The Art of Transforming Data into Great Stories
What happened this (read: last) week in the world of data visualization? This category provides you with remarkable visualizations – they can be remarkably beautiful, remarkably interactive or just remarkably interesting. Visualizations differ on so many levels, and so does their content. Let’s take a look at what week #1 brought us.
Germany in Flames
The current refugee crisis in Europe seems to let no one unaffected. The discourse touches politics and economy as well as the society itself. With Germany taking in a large number of refugees it stands at the center of attention. This is especially true since the number of attacks on refugee accomodations has dramatically rizen over the last months.
Under the heading “Germany in Flames” the German national weekly newspaper ‘Die Zeit’ took a closer look at the numbers, analyzing not only the violence against refugees, but also the number of legal actions taken up against the perpetrators. The journalists decided to go for nothing too fancy in order to visualize their story. Instead, they backed it up by using clean and comprehensible data vizualisations, with simple animations that clearly underline their points and are easy to access.
Am I living in a dangerous neighborhood?
The shooting in San Bernardino again leads to a U.S.-wide discussion, whether the ownership of guns should be regulated more strictly. The U.S. online magazine Slate contributes to that discussion by creating a map that reveals where shootouts took place in the past and whether they were of fatal matter or not.
Instead of showing a heat map in order to get an overall picture of the distribution of gun shootings throughout the country, the Slate authors chose a different approach. They provide their readers with an added value by displaying the gun shootings in their city, neighborhood or even street. The application is not meant to spread fear, rather it’s main goal is to be informative. Therefore, also the labels ‘accident’, ‘self-defense’ and ‘officer involved shooting’ were added to the map, as well as additional information about individual shootouts.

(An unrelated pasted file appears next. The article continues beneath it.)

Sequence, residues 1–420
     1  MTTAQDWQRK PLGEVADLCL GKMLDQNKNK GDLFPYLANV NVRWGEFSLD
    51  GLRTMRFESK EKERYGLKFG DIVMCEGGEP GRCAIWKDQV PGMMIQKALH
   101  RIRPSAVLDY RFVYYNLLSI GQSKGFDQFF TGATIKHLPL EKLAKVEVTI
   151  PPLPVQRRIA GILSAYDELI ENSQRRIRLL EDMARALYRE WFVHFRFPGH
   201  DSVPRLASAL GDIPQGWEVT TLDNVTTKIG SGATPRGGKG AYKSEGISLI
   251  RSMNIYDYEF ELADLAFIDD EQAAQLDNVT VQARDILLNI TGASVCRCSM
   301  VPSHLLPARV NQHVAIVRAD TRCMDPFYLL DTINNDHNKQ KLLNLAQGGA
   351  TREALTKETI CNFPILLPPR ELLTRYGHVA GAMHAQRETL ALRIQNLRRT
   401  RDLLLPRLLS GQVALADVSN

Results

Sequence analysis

What else was important this week?… COP21 Paris Climate Conference
It is no surprise that Google lists the world climate conference as trending topic. But even though this was a much debated event last week, there wasn’t much data-visual cover of the two-week-long summit (e.g. number of participatens, flight routes & distances, CO2 produced by the participants – you name it). However we discovered a Google News Lab visualization investigating climate change through the lens of Google Search. A fancy looking globe spins smoothly around and displays real life search terms that are meant to be part of the climate change debate. As implied, this function is working only partially well since also generic questions, such as ‘What is the deepest ocean in the world?’ are presented.
Visual real time monitoring of a complex summit, such as the COP21, seems not to be state of the art (yet) but let’s see how the outcome of COP21 will be visually processed in the future.